The incidence and prevalence of coronary artery disease in women has exceeded that in men over the past four decades, and although a significant decline in mortality has occurred in the past two decades, there is a growing body of evidence suggesting that there are gender differences between the clinical manifestations and course of coronary artery disease, as well as differences in treatment and treatment response. This review article considers the current literature regarding the gender-specific manifestation of acute coronary syndromes. Through the review of basic science articles, subsets of trial data, and meta-analyses, the gender-specific differences in within acute coronary syndromes are considered in terms of diagnostic dilemmas, pathophysiology, and treatment options (including pharmacological, percutaneous and surgical methods). Finally, acute coronary syndromes and their management in the special circumstance of pregnancy are also reviewed.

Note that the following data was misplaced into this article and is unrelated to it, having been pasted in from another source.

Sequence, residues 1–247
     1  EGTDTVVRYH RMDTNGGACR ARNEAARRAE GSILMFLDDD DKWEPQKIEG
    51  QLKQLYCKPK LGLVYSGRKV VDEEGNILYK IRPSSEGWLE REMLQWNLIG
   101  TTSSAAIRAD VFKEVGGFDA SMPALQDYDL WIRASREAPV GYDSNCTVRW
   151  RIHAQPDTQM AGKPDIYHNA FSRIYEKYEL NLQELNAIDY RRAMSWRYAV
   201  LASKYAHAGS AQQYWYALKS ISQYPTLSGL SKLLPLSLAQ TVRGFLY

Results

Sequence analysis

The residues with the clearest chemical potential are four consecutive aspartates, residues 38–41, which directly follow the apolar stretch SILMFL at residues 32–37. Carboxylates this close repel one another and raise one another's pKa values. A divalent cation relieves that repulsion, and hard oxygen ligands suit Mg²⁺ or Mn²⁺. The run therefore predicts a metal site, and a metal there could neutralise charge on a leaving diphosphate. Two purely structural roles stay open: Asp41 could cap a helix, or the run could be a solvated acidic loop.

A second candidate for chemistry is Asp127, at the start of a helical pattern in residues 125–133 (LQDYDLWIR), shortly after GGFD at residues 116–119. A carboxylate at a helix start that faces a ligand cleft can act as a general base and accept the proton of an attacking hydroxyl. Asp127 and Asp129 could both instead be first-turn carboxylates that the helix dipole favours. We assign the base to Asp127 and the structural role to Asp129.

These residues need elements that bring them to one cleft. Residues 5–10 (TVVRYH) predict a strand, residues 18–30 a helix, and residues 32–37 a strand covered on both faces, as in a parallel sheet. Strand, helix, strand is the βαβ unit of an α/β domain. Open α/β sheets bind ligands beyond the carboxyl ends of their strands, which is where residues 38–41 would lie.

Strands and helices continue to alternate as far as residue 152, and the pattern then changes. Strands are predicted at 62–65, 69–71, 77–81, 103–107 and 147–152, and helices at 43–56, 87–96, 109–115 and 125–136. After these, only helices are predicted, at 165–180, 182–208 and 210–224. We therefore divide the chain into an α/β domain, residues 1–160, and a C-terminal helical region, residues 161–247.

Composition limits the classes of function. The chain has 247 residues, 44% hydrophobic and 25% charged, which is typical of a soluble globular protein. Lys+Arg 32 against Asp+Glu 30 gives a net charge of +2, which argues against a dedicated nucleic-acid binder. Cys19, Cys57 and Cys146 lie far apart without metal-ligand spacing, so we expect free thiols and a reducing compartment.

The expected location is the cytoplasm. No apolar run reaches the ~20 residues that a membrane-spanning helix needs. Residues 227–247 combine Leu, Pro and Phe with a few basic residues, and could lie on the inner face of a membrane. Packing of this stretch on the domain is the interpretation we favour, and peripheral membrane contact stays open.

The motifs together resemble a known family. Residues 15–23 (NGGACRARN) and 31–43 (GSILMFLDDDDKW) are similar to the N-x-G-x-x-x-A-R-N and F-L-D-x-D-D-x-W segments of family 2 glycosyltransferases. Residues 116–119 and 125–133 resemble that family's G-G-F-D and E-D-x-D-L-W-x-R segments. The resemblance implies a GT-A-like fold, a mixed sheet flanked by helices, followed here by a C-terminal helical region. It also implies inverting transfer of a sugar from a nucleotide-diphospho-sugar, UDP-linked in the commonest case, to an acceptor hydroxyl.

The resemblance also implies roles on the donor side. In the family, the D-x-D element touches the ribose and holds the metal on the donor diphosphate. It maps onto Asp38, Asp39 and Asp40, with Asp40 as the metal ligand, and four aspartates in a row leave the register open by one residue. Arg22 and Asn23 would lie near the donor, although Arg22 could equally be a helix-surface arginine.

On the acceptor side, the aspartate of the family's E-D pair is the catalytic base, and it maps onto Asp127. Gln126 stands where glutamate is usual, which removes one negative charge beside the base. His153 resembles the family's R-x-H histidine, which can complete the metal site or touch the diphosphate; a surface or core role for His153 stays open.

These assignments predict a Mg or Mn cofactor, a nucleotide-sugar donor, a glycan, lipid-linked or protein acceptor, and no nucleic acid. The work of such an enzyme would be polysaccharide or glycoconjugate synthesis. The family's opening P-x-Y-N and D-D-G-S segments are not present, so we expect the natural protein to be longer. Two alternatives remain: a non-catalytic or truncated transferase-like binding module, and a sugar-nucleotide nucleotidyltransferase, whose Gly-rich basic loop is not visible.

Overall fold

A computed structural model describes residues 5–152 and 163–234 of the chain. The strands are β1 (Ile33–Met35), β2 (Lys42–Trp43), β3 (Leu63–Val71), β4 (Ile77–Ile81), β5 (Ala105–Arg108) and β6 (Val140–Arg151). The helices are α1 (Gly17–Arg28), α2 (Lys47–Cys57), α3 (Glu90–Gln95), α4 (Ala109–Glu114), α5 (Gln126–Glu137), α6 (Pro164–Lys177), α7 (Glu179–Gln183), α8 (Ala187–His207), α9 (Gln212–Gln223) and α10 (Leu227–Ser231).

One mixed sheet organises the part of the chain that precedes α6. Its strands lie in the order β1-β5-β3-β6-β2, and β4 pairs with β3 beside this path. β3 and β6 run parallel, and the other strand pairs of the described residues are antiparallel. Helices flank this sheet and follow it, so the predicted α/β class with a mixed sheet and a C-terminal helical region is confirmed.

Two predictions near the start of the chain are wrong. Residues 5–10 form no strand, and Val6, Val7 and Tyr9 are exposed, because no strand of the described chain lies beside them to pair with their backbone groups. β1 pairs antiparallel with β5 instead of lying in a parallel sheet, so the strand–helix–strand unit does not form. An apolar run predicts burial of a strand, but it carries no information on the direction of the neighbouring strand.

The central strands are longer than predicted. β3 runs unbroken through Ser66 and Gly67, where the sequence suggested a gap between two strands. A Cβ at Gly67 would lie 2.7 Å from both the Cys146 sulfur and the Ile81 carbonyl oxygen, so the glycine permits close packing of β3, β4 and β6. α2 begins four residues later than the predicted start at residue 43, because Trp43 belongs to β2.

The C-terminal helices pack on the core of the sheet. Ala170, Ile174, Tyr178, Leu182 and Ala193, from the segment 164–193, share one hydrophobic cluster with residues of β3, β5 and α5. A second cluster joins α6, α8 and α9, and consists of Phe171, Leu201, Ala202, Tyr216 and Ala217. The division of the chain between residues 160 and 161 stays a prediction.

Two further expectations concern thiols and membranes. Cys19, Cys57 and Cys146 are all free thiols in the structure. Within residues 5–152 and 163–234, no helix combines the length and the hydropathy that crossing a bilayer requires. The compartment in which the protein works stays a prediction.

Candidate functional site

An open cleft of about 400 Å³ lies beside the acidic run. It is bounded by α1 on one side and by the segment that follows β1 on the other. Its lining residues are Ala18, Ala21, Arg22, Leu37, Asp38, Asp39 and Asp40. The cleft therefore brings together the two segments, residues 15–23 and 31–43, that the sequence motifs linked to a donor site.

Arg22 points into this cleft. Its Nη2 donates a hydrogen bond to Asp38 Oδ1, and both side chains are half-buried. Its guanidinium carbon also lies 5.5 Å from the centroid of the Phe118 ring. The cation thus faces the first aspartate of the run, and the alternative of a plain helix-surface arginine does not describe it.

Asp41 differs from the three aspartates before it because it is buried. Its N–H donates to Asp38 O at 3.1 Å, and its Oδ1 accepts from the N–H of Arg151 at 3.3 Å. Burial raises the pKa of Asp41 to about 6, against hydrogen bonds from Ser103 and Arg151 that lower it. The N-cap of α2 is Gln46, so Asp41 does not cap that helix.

- Myocardial infarction
ASJC Scopus subject areas
- Cardiology and Cardiovascular Medicine